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Lucas considered covering duties as the sole cinematographer, but dropped the idea. Instead, he elected to shoot American Graffiti using two cinematographers (as he had done in THX 1138) and no formal director of photography. Two cameras were used simultaneously in scenes involving conversations between actors in different cars, which resulted in significant production time savings. After CinemaScope proved to be too expensive, Lucas decided that American Graffiti should have a documentary-like feel, and shot the film using Techniscope cameras. He believed that Techniscope, an inexpensive way of shooting on 35 mm film and utilizing only half of the film's frame, would give a perfect widescreen format resembling 16 mm. Adding to the documentary feel was Lucas's openness for the cast to improvise scenes. He also used goofs for the final cut, notably Charles Martin Smith's arriving on his scooter to meet Steve outside Mel's Drive-In. Jan D'Alquen and Ron Eveslage were hired as the cinematographers, but filming with Techniscope cameras brought lighting problems. As a result, Lucas commissioned help from friend Haskell Wexler, who was credited as the "visual consultant".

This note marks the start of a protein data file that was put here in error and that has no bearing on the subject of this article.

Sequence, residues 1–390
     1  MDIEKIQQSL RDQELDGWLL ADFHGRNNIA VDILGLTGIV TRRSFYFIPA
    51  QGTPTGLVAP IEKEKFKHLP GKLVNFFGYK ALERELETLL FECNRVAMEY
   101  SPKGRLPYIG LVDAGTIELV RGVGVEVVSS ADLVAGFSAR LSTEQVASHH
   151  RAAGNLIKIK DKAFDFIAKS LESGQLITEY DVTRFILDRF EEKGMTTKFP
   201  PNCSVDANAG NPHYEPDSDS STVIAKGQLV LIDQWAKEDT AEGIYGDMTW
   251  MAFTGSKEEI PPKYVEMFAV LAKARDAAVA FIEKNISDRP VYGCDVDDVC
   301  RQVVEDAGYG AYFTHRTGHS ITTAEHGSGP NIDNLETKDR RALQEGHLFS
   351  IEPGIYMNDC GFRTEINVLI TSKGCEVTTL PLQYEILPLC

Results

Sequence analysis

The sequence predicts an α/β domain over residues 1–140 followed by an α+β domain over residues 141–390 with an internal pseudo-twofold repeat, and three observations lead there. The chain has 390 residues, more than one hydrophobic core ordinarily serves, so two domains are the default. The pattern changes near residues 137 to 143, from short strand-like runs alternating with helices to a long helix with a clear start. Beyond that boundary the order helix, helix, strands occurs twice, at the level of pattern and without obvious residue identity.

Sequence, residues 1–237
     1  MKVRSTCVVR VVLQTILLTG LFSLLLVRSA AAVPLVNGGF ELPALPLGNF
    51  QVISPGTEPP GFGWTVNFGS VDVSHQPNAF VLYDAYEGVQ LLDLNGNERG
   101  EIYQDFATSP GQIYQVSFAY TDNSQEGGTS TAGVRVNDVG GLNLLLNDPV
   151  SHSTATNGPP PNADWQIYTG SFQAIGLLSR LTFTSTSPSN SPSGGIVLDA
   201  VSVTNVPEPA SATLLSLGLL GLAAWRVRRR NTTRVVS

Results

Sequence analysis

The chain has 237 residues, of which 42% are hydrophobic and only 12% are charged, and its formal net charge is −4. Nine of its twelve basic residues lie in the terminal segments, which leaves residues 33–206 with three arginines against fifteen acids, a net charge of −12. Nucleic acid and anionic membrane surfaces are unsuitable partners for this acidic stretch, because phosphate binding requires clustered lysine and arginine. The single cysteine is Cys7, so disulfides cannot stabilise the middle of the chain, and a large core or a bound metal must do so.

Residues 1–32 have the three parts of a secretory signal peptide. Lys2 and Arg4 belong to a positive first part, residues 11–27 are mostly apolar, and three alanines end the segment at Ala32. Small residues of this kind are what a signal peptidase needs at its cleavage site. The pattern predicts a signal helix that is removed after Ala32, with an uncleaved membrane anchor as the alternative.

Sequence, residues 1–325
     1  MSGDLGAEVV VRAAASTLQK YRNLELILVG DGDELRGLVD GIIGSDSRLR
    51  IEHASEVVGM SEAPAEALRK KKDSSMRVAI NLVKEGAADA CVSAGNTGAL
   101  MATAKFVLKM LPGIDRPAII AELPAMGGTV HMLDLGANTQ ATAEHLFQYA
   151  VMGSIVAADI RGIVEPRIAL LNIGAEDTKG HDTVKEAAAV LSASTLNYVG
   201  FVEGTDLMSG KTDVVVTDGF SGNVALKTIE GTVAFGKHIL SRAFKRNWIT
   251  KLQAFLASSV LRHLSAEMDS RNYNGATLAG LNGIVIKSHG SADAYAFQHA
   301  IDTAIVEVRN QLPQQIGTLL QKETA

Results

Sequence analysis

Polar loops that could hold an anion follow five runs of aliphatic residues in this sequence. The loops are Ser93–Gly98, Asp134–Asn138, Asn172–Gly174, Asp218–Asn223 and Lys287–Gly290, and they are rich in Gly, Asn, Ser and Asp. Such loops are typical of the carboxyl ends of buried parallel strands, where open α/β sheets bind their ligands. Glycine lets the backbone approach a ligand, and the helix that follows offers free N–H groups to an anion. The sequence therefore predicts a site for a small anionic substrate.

Despite unanimous praise at a January 1973 test screening attended by Universal executive Ned Tanen, the studio told Lucas they wanted to re-edit his original cut of American Graffiti. Producer Coppola sided with Lucas against Tanen and Universal, offering to "buy the film" from the studio and reimburse it for the $775,000 (equivalent to $4,437,291 in 2016) it had cost to make it. 20th Century Fox and Paramount Pictures made similar offers to the studio. Universal refused these offers and told Lucas they planned to have William Hornbeck re-edit the film. When Coppola's The Godfather (1972) won the Academy Award for Best Picture in March 1973, Universal relented, and agreed to cut only three scenes (about four minutes) from Lucas' cutan encounter between Toad and a fast-talking car salesman, an argument between Steve and his former teacher Mr. Kroot at the sock hop, and an effort by Bob Falfa to serenade Laurie with "Some Enchanted Evening"but decided that the film was fit for release only as a television movie. However, various studio employees who had seen the film began talking it up, and its reputation grew through word of mouth. The studio dropped the TV movie idea and began arranging for a limited release in selected theaters in Los Angeles and New York. Universal presidents Sidney Sheinberg and Lew Wasserman heard about the praise the film had been garnering in LA and New York, and the marketing department amped up its promotion strategy for it, investing an additional $500,000 (equivalent to $2,697,526 in 2016) in marketing and promotion. The film was released in the United States on August 11, 1973 to sleeper hit reception. The film had cost only $1.27 million (equivalent to $7,271,432 in 2016) to produce and market, but yielded worldwide box office gross revenues of more than $55 million (equivalent to $296,727,886 in 2016). It had only modest success outside the United States, but became a cult film in France. Universal reissued Graffiti in 1978 and earned an additional $63 million (equivalent to $231,332,143 in 2016), which brought the total revenue for the two releases to $118 million (equivalent to $433,288,776 in 2016). The reissue included stereophonic sound, and the additional four minutes that the studio had removed from Lucas's original cut. All home video releases also included these scenes. Also, the date of John Milner's death was changed from June 1964 to December 1964 to fit the narrative structure of the upcoming sequel More American Graffiti. At the end of its theatrical run, American Graffiti had one of the greatest cost-to-profit ratios of a motion picture ever. Producer Francis Ford Coppola regretted having not financed the film himself. Lucas recalled, "He would have made $30 million (equivalent to $161,851,574 in 2016) on the deal. He never got over it and he still kicks himself." It was the 13th-highest-grossing film of all time in 1977, and, adjusted for inflation, is currently the 43rd highest. By the 1990s, American Graffiti had earned more than $200 million (equivalent to $366,632,705 in 2016) in box office gross and home video sales. In December 1997 Variety reported that the film had earned an additional $55.13 million in rental revenue (equivalent to $82,249,297 in 2016). Universal Studios Home Entertainment first released the film on DVD in September 1998, and once more as a double feature with More American Graffiti (1979) in January 2004. Aside from the four minutes originally deleted from Lucas' original cut retained, the only major change in the DVD version is the main title sequence, particularly the sky background to Mel's Drive-In, which was redone by ILM. Universal released the film on Blu-ray on May 31, 2011.